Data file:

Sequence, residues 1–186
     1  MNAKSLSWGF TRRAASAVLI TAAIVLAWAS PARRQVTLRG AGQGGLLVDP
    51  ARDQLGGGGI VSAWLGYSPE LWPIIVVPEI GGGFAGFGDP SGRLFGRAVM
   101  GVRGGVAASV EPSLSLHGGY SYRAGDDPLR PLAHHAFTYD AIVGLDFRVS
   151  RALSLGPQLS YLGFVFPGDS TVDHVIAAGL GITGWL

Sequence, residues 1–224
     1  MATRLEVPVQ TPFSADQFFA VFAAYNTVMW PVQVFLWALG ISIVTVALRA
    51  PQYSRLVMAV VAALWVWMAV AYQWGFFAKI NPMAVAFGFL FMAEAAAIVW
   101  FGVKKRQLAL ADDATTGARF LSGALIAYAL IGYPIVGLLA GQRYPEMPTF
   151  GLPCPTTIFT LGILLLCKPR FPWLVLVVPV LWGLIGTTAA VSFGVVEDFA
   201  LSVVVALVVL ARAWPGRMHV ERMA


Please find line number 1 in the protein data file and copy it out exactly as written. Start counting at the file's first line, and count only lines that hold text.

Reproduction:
Sequence, residues 1–186